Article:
Endowment behind Crimson despite increase in returns

Harvard may have beaten Yale at the Game last fall, but the University’s investment managers outperformed their Crimson counterparts in endowment growth this year.

Yale posted a 22.3 percent return on its endowment during the past fiscal year, beating all of the peer institutions that have reported their returns thus far as it grew to $15.2 billion. Though Harvard’s endowment is larger overall, totaling $25.9 billion at year’s end, it earned only a 19.2 percent return on its endowment during that period. While some Ivy League schools have yet to release figures for their returns over the last year, Columbia has reported preliminary returns of 17.7 percent, and Brown, Cornell, and Dartmouth all reported earnings between 13 percent and 15 percent.

In recent years, rising endowment returns have become a critical part of the University’s budgetary planning. Last year, Yale raised the cap on endowment spending from five to 5.25 percent to help cut a $15 million budget deficit. Yale Provost Andrew Hamilton said the rising endowment has helped defray costs for last year’s changes to Yale’s financial aid policy, organic food policy, and building renovations.

Although Yale and Harvard have boasted steep endowment returns in recent years, most U.S. universities grow at slower rates. Endowment growth across most U.S. universities will likely average between eight and 12 percent this year, Commonfund Instititute Executive Director John Griswold ’67 said.

“Even if you got 10 percent last year, that might be a nice number for you, depending on what asset allocation you have and what risk tolerance you have,” said Griswold, whose institute serves as the educational arm of a group that provides fund management and investment advice to many universities. “Not everybody looks like Harvard and Yale, and not everybody can look like them.”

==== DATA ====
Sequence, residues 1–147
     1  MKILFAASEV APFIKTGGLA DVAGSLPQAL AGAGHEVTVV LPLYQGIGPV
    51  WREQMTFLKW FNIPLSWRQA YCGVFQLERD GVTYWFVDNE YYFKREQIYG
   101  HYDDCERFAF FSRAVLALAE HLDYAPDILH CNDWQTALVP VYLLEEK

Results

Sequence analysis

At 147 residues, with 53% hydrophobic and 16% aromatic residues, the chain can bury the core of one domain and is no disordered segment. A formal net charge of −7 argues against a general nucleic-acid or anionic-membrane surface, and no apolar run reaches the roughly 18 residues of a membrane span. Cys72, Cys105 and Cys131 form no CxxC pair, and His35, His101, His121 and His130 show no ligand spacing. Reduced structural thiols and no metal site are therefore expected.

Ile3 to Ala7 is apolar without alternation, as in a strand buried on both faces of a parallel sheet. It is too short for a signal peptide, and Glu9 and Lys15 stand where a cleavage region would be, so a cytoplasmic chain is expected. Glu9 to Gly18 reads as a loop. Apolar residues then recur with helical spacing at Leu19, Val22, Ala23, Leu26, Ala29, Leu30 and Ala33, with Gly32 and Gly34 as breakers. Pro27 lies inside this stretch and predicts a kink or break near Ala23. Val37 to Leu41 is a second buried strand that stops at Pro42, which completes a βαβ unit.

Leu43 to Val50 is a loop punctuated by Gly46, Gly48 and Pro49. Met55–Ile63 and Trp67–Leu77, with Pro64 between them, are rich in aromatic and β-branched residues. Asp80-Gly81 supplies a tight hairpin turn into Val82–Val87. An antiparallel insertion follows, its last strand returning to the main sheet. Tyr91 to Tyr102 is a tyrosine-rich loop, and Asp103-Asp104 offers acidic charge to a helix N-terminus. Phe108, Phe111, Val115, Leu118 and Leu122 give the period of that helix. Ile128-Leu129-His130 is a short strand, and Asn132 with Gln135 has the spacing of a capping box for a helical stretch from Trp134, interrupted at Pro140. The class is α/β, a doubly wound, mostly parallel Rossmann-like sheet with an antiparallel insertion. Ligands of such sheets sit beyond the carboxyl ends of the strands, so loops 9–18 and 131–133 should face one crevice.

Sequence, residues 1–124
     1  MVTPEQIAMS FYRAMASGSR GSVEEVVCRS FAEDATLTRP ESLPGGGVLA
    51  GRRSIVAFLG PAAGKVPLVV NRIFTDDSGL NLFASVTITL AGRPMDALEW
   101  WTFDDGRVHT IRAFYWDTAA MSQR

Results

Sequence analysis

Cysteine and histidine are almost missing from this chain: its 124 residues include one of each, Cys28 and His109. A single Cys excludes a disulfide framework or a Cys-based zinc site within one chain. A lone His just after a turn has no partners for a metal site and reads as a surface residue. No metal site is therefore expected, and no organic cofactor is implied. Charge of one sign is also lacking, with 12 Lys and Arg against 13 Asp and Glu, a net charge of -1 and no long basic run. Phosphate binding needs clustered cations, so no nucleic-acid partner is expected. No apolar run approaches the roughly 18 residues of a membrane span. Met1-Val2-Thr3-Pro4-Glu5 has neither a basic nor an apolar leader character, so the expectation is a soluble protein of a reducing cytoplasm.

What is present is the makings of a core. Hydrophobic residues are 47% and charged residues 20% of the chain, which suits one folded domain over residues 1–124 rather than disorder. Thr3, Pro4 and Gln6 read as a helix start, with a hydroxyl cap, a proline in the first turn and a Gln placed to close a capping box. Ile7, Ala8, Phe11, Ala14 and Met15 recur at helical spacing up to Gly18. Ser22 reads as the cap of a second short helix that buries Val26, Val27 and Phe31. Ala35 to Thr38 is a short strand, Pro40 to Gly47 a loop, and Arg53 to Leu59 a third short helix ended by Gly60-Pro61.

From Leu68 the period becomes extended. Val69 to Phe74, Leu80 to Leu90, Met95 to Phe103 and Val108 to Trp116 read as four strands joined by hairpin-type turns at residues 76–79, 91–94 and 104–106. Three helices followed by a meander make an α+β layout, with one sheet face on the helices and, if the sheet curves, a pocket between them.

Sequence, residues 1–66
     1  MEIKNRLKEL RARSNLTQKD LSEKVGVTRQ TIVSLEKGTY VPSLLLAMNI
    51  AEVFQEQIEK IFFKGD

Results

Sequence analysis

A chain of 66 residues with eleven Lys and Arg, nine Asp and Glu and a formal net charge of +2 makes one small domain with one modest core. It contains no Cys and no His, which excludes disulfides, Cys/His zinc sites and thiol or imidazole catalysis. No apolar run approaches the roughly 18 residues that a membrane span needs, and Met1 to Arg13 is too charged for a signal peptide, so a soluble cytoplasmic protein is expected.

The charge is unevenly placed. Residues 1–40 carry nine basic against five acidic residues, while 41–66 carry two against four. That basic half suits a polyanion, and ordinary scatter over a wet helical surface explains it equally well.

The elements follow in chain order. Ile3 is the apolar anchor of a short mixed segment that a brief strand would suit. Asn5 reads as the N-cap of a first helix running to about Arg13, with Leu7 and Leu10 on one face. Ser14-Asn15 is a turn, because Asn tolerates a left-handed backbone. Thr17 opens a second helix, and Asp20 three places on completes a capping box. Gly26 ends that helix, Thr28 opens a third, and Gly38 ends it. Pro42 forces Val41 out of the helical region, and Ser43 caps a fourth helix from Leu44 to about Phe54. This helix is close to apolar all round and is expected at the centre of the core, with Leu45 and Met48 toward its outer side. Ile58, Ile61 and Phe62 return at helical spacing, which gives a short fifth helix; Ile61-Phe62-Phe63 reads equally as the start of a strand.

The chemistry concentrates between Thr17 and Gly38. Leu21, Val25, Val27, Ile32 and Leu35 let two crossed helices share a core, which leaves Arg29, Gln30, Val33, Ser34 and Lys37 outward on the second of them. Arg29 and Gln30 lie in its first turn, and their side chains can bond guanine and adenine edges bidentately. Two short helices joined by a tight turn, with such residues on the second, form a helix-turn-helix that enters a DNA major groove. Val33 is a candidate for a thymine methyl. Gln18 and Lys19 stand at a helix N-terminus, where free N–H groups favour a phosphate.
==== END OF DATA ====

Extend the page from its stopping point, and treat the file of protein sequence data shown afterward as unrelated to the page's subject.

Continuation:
Harvard investment officials are aiming to spend approximately five percent of the university’s endowment on various expenditures with a special emphasis on financial aid and endowed professorships this year, Harvard spokesman Al Powell said. But some Harvard alumni have objected to endowment investment managers’ salaries and bonuses, which exceeded $30 million for each of the top two earners in 2003.

“We believe that the endowments should be used for the benefits of current and future generations of students,” said William Strauss, a 1969 Harvard graduate who had led a sustained campaign against what he calls excessive payouts for HMC staff. “There was a year in which Harvard spent one-eighth of its endowment earnings on its fund managers.”

Strauss said continuing to increase tuition at both Harvard and Yale in the wake of enormous growth in their endowments is “unnecessary, inappropriate and inconsistent with the values of a great university.”

But Griswold said a substantial increase in spending from university endowments could hinder future growth.

“Running the spending cap at more than four, four and a half percent runs the risk of depleting the endowment going forward,” he said. “Philosophical questions — how big does it need to be, what are you trying to do with it — are really out of control of the administration in large measures.”

During the past decade, Yale’s endowment grew at an average rate of 17.4 percent, compared to Harvard’s average annual return of 16.1 percent, and both placed in the top 1 percent of institutional funds. The S&P 500 index had an annualized return of 8.1 percent over the same period.

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